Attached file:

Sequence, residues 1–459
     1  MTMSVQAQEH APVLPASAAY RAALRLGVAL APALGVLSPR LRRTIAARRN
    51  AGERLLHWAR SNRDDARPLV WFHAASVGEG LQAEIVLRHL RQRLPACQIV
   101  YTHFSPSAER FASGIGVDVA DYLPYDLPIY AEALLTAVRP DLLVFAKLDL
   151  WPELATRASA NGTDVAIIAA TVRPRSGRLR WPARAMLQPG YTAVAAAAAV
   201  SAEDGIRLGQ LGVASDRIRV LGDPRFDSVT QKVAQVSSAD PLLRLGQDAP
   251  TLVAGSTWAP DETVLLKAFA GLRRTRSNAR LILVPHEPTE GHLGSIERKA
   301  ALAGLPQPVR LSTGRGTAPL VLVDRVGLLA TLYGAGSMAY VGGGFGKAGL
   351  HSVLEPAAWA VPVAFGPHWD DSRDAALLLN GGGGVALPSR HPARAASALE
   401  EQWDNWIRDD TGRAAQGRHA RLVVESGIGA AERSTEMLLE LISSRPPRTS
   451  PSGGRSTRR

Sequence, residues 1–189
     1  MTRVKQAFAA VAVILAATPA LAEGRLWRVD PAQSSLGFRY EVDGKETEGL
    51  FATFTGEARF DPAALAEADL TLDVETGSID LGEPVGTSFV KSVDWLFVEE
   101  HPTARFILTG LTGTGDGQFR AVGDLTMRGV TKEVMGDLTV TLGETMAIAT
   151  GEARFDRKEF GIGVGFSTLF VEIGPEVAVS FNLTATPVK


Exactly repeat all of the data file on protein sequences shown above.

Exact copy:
Sequence, residues 1–459
     1  MTMSVQAQEH APVLPASAAY RAALRLGVAL APALGVLSPR LRRTIAARRN
    51  AGERLLHWAR SNRDDARPLV WFHAASVGEG LQAEIVLRHL RQRLPACQIV
   101  YTHFSPSAER FASGIGVDVA DYLPYDLPIY AEALLTAVRP DLLVFAKLDL
   151  WPELATRASA NGTDVAIIAA TVRPRSGRLR WPARAMLQPG YTAVAAAAAV
   201  SAEDGIRLGQ LGVASDRIRV LGDPRFDSVT QKVAQVSSAD PLLRLGQDAP
   251  TLVAGSTWAP DETVLLKAFA GLRRTRSNAR LILVPHEPTE GHLGSIERKA
   301  ALAGLPQPVR LSTGRGTAPL VLVDRVGLLA TLYGAGSMAY VGGGFGKAGL
   351  HSVLEPAAWA VPVAFGPHWD DSRDAALLLN GGGGVALPSR HPARAASALE
   401  EQWDNWIRDD TGRAAQGRHA RLVVESGIGA AERSTEMLLE LISSRPPRTS
   451  PSGGRSTRR

Sequence, residues 1–189
     1  MTRVKQAFAA VAVILAATPA LAEGRLWRVD PAQSSLGFRY EVDGKETEGL
    51  FATFTGEARF DPAALAEADL TLDVETGSID LGEPVGTSFV KSVDWLFVEE
   101  HPTARFILTG LTGTGDGQFR AVGDLTMRGV TKEVMGDLTV TLGETMAIAT
   151  GEARFDRKEF GIGVGFSTLF VEIGPEVAVS FNLTATPVK